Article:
Face the Future: Tools For a Modern Age
By Antje Bormann
A panel of journalists came together to discuss their take on the future of journalism, to mark the publication of Face the Future: Tools For A Modern Age.
The first to present his thoughts at the event, which was moderated by Raymond Snoddy of BBC Newswatch was Kevin Marsh, until recently executive editor of the BBC College of Journalism.
He set out the issue of the ever-expanding information universe with equally diversifying ways of accessing and transmitting information, which is exciting but not really journalism, as many seem to think. Journalism to him is rather a small, precise part of this information universe whose distinction lies in the ability to sift through the deluge of information, filter out items of value to the audience, investigate and analyse them properly, and finally report them honestly, all things that require special skills, mindsets and commitment.
Laura Oliver, community co-ordinator for Guardian News and Media, added another twist by saying that new media, like Twitter, Facebook and blogs should not be discounted as some of the writers are in fact professional journalists, and even some of the amateurs are committed, skilled and reputable sources of information. An important new skill for journalists therefore is to establish credentials for online sources and to verify the information gleaned from them. However, this is still rather uncharted territory with more grey areas than in the past.
Judith Townend, a freelance journalist currently working on a PhD, replied to the question if we could expect new developments every six months that she hoped so. The example of MySpace should be a warning to anyone who mistook new online media for an end in themselves rather than a tool. Facebook is well established in her opinion due to its size but it is not a good news source as it is about its members’ personal lives, whereas Twitter has its own limitations that make it not particularly efficient, amongst them that it is not representative of society at large. She cited journalists on Twitter who ask colleagues for case studies to flesh out preconceived stories and just pick the bits that fit as an example of ‘lazy journalism’ using new media, even from professional journalists.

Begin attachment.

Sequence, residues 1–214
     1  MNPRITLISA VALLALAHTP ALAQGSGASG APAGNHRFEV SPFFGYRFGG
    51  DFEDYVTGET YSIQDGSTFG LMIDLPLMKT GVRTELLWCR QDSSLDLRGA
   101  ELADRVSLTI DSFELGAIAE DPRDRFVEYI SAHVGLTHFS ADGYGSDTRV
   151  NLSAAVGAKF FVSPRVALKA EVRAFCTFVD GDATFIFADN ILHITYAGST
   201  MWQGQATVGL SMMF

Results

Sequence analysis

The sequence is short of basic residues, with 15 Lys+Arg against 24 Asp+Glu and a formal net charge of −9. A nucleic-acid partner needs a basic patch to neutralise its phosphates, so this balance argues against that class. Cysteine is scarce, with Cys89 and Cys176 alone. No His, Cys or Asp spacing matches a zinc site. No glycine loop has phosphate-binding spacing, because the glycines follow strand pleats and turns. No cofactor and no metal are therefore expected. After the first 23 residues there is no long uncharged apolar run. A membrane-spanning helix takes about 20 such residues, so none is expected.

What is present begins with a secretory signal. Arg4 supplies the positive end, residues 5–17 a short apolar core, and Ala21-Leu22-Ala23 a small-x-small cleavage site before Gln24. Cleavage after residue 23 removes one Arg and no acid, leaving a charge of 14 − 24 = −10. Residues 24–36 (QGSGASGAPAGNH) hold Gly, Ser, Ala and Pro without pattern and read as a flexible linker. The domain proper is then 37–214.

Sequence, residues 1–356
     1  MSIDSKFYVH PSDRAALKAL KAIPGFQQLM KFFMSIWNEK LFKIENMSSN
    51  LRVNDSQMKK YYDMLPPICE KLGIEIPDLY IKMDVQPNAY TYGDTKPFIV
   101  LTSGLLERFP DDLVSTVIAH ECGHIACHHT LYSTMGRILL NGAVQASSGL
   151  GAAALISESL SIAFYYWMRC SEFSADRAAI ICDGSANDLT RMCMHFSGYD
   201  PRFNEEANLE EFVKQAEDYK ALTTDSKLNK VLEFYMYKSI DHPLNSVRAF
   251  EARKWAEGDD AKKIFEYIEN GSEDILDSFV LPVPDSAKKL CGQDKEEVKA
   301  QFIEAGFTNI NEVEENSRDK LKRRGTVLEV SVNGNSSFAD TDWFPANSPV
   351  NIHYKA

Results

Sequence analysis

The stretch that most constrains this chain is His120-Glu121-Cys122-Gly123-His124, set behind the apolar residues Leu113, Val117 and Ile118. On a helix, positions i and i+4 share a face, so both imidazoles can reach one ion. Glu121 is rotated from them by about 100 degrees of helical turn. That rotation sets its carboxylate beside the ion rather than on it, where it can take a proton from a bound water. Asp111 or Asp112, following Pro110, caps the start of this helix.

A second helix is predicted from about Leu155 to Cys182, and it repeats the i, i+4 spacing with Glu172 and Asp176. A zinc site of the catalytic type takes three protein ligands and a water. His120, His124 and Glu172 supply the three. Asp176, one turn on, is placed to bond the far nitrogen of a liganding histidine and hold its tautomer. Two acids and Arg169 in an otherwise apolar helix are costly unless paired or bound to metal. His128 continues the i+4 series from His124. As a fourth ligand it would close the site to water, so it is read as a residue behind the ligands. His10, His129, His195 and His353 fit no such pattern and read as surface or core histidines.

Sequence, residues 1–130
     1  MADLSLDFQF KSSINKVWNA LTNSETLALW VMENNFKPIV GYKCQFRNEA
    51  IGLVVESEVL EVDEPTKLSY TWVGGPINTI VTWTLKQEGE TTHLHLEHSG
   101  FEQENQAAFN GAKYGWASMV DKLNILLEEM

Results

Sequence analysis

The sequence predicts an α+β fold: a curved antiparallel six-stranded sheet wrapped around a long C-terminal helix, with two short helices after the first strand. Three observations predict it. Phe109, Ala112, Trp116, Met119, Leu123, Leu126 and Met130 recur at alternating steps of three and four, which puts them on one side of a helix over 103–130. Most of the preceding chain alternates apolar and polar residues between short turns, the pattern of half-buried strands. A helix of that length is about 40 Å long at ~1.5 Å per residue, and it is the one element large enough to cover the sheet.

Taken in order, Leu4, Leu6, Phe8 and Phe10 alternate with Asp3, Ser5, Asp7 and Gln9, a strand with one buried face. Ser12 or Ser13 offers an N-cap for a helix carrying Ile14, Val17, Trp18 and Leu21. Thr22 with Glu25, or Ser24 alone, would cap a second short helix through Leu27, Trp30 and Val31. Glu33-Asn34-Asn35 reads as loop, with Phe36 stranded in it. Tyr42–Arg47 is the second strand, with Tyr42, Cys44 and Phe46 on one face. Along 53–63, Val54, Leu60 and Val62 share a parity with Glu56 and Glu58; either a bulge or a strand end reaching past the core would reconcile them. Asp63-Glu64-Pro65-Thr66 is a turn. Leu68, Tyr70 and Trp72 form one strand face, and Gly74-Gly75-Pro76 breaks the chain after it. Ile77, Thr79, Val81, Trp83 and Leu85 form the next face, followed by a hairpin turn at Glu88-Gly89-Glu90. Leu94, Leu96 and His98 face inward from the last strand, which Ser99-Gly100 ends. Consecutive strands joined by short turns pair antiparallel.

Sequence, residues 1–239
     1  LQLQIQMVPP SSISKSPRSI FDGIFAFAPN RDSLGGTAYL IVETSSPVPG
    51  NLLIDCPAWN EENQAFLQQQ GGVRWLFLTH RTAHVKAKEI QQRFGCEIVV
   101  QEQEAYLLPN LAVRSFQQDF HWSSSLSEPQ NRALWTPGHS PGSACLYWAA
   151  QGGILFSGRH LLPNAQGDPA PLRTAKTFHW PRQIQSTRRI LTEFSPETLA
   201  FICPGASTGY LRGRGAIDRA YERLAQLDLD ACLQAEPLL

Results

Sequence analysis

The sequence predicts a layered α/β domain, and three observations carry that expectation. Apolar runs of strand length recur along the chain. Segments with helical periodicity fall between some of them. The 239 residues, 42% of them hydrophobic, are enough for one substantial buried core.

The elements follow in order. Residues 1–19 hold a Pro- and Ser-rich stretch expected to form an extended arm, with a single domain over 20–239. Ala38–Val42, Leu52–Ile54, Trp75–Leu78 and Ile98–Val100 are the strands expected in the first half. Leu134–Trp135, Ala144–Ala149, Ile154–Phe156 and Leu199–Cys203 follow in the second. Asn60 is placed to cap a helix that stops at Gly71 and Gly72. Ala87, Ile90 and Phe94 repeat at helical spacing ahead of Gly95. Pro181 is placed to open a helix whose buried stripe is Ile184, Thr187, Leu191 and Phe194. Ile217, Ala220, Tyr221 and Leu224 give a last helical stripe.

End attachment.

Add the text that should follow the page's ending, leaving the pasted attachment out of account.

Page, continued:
In the following debate this question was picked up again, and an interesting argument was that what is seen as ‘lazy journalism’, like journalists not going out and talking to people to get a story but being stuck in the office, is sometimes simply a consequence of the rolling news issue of continually having to update, leaving no time to do the actual journalistic work.
Other questions looked at the way editors may influence journalism in attempts to ‘pander to their readership’; new online media allowing the return to citizen journalism as the historical precursor of commercial journalism; how news organisations go about establishing trust and their brand value, especially where paywalls are in place; and whether declining news viewing figures really mean that people are less interested or simply signify a shift in the way they access news.
Face the Future: Tools For A Modern Age is edited by John Mair and Richard Keeble and published by Arima Publishing.